Easy Drupal Admin Manual (EDAM)
...for the beginning or even completely non-technical administrator of a Drupal site
Welcome to the Easy Drupal Admin Manual. Or EDAM, like the cheese: appealingly mild, and suitable for the gourmand and the first-time cheese-eater alike. (With a slightly nutty taste, say some.) All without the red wax rind.
The name is also a friendly nod to the Dutch origins of Drupal itself.
Who is this for?
EDAM is not aimed at the typical Drupal site developer, but rather the non-technical end user who has only basic content management and site administration needs. Early pages assume no knowledge of concepts like content management systems, open source, or Drupal; even a moderately technical user will find it fairly basic. But EDAM helps fill a real need for beginner-friendly documentation centered on maintaining a site and managing content as an end user, as opposed to developing a new site.
Target readers for EDAM include:
- My non-technical clients for Drupal sites
- Your non-technical clients for Drupal sites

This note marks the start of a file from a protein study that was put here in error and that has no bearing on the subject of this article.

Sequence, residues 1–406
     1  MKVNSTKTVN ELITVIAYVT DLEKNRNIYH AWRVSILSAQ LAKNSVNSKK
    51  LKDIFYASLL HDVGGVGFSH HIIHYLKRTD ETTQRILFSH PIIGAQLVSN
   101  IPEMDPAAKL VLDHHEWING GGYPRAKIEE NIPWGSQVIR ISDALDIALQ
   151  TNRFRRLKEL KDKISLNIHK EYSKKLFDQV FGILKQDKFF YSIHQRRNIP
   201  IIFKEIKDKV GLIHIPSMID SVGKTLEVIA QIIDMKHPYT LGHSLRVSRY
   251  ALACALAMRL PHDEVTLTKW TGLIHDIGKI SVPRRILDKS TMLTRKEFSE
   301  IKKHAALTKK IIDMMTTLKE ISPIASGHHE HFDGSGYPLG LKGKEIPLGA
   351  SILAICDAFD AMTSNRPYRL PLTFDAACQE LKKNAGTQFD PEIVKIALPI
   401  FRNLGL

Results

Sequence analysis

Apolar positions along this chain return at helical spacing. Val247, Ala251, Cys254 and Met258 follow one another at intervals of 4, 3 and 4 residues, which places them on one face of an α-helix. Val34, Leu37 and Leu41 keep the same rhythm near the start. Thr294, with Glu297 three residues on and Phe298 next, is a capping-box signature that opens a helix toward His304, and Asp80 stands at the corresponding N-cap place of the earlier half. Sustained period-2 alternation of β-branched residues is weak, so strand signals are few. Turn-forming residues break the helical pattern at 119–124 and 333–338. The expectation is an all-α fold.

- Any Drupal beginner who's installed Drupal and wonders where to go from there
- Any Drupal user with some experience, who can still appreciate a beginner-oriented guide to some steps
- An IT manager with technical chops, but who's suddenly been handed control of some site made with this Droopa-whatever thing he's never heard of
- Anyone looking for ways to explain some Drupal basics to a beginner administrator
Caveats! (That means "Beware!")
EDAM pages are originally written for Drupal 5. They're undergoing updates for Drupal 6: stay tuned to this site's blog for notices.
EDAM's text originated with instructions for clients of mine, not as a how-to guide for generic unknown users. As such, it doesn't cover installation and initial configuration of Drupal (topics already covered thoroughly by other online documentation). EDAM reflects the ways I personally like to set up and explain sites, which may or may not be ideal for your purposes.
EDAM cheerfully takes some non-standard liberties with terminologies where I've found the usual Drupal way to be confusing. I consider this a bonus!
Finally, EDAM is a work in progress. It'll keep changing as I find better ways to do things; as viewers report problems, solutions, and discoveries; and as Drupal itself keeps improving. It's only one entry into a growing ocean of Drupal documentation, but I hope it'll be a helpful island for beginner site administrators in that sea!
Your feedback is wildly appreciated!